Sony surprised everyone last fall when it announced the return of the Aibo robot dog. We’ve finally seen it in person, and it’s just as cute and cuddly as it looks.
Revamped for the connected era, the new Aibo has more points of articulation, more intelligence thanks to smarter AI and voice controls, and OMFG, just look at its irresistible OLED eyes!
In a sea of same old same old gadget announcements at CES 2018, Sony managed to stir up quite the commotion with Aibo.
The robo dog has 22 points of articulation and various motion sensors that allow it to detect and interact with humans and other Aibo dogs.
In a demo, one Aibo started snuggling up to its sister Aibo just like a real dog would. Some of its actions, like sniffing another Aibo’s butt, are so faithfully reproduced it’s kinda freaky.
Inside of its nose is a camera that lets it see where it’s going as well as identify different people. A Sony rep told me an Aibo will act differently depending on the person it’s interacting with. So, it may like your mom more than you if she plays with it more.
And just like a real dog it responds to pats and even knows tricks like raising its paw.
Sony says it’s infused with AI and always connected to the cloud, which explains the roughly $25-per-month fee owners need to pay to keep it running, but I didn’t get to see much of the intelligence in action.
In fact, I’m a little skeptical as to how smart the Aibo really is based on what I saw first-hand.
During Sony’s press conference, an Aibo flat-out ignored CEO Kaz Hirai. Then, during a post-keynote demo, two separate Aibos had trouble responding to their owners. It’s worth noting that these show floor demos are usually noisy environments, but this particular area wasn’t very loud and the dogs still had trouble doing things like fetching a ball.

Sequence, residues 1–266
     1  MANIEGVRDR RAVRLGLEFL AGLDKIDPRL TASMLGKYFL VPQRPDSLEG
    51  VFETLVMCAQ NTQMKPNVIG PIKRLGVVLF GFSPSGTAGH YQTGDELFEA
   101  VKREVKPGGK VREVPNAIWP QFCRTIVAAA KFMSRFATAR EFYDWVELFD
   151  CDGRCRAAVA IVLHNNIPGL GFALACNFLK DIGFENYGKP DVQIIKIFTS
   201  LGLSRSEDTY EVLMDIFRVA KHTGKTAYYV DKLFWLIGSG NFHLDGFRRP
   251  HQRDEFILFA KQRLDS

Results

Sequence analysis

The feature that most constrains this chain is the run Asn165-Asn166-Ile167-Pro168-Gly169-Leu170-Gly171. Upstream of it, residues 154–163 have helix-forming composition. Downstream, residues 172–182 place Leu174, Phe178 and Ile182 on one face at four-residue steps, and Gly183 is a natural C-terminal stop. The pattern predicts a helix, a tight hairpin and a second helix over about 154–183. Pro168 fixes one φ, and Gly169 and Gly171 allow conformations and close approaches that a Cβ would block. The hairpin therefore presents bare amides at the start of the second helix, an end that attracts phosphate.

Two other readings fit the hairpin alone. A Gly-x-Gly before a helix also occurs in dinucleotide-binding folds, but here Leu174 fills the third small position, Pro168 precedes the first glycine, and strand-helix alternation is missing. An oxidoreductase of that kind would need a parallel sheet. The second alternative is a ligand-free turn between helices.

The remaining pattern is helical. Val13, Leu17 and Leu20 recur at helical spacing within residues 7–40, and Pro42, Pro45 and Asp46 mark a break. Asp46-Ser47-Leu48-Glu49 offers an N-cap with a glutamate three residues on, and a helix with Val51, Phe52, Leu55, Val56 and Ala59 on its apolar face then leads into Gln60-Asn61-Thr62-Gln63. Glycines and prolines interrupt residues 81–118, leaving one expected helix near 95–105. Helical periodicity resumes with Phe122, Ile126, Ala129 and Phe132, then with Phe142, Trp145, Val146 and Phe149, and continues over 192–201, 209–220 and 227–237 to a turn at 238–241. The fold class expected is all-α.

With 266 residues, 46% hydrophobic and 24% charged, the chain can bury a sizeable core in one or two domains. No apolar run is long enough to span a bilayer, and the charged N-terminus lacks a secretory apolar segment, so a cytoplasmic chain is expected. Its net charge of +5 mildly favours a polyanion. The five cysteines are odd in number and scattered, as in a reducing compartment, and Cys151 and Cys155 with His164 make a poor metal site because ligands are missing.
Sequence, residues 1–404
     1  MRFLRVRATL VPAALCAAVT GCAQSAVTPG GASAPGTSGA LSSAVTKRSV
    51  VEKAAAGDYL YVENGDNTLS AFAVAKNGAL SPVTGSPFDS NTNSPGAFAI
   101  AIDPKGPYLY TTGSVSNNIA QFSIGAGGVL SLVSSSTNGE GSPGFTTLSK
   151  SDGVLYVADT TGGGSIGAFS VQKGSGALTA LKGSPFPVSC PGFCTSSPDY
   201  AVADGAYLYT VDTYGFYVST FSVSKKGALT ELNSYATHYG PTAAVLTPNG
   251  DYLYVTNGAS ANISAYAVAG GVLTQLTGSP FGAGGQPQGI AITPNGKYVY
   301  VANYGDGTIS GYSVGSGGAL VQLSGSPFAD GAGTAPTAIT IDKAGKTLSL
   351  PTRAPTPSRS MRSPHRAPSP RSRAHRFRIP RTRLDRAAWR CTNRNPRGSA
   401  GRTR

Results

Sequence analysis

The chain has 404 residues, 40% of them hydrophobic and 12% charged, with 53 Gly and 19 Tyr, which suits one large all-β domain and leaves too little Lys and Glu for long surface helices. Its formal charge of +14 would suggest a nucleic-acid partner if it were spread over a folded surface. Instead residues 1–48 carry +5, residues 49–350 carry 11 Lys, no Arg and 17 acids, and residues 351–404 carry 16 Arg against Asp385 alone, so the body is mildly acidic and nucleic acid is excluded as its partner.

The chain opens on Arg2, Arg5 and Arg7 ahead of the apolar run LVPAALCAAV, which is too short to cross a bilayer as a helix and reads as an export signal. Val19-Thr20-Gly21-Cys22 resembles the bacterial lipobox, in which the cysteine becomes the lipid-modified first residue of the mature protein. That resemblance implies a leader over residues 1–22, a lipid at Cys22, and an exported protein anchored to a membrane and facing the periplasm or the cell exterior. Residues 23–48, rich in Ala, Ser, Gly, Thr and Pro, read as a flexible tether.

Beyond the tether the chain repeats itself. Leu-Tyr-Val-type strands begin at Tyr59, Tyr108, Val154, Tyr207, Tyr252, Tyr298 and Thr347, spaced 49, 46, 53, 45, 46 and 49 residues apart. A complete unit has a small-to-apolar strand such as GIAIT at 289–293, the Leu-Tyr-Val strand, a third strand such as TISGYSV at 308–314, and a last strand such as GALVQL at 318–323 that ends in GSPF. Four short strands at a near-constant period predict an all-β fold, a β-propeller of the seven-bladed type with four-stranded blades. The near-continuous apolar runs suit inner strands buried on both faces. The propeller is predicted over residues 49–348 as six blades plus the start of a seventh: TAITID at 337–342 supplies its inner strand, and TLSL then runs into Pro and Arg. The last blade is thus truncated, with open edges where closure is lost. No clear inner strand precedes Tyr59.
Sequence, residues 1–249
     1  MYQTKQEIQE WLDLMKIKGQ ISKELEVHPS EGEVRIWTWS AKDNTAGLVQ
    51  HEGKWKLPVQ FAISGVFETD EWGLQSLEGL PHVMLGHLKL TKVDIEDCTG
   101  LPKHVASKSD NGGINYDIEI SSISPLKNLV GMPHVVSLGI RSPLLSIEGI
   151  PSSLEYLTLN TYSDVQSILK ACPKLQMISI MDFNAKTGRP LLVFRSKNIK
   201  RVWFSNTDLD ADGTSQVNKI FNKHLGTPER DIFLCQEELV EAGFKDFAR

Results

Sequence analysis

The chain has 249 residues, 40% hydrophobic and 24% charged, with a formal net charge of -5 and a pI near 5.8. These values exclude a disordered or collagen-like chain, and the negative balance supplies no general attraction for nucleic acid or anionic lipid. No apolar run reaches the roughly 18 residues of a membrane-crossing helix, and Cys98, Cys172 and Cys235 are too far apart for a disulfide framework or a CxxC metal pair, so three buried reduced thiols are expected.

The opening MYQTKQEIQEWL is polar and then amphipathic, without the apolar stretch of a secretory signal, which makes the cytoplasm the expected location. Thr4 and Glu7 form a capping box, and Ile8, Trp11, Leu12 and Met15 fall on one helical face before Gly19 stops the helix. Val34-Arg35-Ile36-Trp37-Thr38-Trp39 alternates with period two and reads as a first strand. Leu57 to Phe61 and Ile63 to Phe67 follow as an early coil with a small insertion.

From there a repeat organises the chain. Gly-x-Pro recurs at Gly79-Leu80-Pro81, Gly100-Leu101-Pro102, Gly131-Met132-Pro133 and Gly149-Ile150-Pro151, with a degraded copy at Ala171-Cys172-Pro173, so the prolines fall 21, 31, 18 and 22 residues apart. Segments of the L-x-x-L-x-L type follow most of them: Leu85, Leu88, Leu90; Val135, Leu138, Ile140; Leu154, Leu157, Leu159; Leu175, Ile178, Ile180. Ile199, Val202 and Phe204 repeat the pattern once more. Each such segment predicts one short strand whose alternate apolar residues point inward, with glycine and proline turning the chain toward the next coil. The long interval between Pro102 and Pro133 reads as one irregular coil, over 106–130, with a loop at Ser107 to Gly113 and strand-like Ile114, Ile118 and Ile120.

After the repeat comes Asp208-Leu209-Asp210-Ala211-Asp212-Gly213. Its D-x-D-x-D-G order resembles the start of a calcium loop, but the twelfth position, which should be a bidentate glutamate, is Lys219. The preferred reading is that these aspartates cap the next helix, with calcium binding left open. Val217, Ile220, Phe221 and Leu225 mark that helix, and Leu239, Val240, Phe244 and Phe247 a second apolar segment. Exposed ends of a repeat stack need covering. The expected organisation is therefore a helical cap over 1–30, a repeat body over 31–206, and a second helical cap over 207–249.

It’s hard to tell whether there was a bad internet connection or, perhaps, maybe the dogs were early pre-production models. With a shipping date of Jan. 11 in Japan, people who pre-ordered may be in for some buggy robo dogs.
Battery life is also relatively low: two hours on a single charge.
If anything, the Aibo is still a really cute companion for people who aren’t mature or responsible enough to take care of a real dog (Aibo doesn’t need to poop). The new Aibo should also be a great buddy for lonely senior citizens or people who love dogs but are maybe allergic to them, just like the original was.
Is it worth $2,000? Hard to say. Most people never purchased an Aibo precisely because it was overpriced, but it did attract a loyal fanbase even as Sony discontinued them and stopped servicing them. Maybe this time will be different now that digital assistants are all the rage.